Prime Minister Alexis Tsipras expressed confidence that Greece’s creditors will grant debt relief and blamed their intractability for worsening the country’s economic plight.
“The Greek people were prisoners, who after they escaped prison were immediately arrested and returned to an even smaller cell,” Tsipras, who turned 41 on Tuesday, told an Athens radio station. “What’s crucial is that we got a commitment for debt relief, which will take place after the first review of the program, in November.”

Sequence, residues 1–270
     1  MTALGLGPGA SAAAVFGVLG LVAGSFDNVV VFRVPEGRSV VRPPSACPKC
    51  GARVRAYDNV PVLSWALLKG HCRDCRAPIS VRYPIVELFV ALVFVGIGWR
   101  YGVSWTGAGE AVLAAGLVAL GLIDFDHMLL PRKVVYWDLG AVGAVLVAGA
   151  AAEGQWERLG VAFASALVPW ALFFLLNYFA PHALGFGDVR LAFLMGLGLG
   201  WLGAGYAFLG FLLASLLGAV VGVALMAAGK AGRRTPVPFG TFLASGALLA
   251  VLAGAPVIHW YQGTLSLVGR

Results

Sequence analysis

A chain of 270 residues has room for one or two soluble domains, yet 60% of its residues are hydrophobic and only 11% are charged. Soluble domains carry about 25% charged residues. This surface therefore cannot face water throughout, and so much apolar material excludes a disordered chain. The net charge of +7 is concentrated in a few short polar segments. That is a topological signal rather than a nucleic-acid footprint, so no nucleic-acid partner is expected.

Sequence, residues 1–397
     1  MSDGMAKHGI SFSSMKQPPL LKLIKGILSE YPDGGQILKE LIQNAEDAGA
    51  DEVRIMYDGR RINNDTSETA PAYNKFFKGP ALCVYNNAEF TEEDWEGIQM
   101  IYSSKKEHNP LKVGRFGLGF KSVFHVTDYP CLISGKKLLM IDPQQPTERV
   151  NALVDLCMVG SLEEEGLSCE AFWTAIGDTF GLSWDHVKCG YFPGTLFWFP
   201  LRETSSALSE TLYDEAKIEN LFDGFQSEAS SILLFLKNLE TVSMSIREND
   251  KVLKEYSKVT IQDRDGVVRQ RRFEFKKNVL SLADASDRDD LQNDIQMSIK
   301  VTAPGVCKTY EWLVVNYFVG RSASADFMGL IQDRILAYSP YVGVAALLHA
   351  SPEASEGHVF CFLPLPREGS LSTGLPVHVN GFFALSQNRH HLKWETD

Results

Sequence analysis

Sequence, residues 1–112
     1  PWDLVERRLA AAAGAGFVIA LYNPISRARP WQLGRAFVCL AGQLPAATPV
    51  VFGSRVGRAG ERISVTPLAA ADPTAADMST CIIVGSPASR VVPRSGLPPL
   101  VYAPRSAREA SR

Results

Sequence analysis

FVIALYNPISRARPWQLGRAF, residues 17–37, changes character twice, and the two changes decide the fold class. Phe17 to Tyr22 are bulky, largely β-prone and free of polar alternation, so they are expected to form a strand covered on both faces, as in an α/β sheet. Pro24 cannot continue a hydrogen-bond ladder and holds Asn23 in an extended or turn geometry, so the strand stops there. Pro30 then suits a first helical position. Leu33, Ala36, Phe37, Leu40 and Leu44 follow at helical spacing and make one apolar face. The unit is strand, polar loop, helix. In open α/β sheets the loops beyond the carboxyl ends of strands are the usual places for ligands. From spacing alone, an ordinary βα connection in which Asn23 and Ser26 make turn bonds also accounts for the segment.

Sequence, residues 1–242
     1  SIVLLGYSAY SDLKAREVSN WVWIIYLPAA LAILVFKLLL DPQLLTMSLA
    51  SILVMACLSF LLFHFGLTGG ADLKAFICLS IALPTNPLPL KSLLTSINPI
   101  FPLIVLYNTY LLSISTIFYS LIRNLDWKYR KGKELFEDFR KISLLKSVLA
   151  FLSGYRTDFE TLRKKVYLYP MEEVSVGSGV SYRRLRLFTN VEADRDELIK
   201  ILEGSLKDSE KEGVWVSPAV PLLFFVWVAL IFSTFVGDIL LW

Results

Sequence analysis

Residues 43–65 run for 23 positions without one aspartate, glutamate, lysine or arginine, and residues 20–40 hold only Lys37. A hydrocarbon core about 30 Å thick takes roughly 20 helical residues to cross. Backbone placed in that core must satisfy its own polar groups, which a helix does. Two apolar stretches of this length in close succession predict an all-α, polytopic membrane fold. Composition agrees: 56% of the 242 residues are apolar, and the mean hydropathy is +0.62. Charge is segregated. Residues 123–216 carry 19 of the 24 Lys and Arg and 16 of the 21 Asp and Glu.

Easing Greece’s debt burden has been a major sticking point in six months of talks between the government and its creditors, which led the country to the brink of euro exit. While the International Monetary Fund expressly supports debt restructuring as part of the rescue package, European donors led by Germany have been less willing.
Tsipras said the eleventh-hour accord reached on July 12 fully covers financing needs for the next three years and so paves the way for debt relief. Officials from Greece and its creditor institutions are meeting in Athens this week on policies that must be implemented in return for loans of as much as 86 billion euros ($94 billion).
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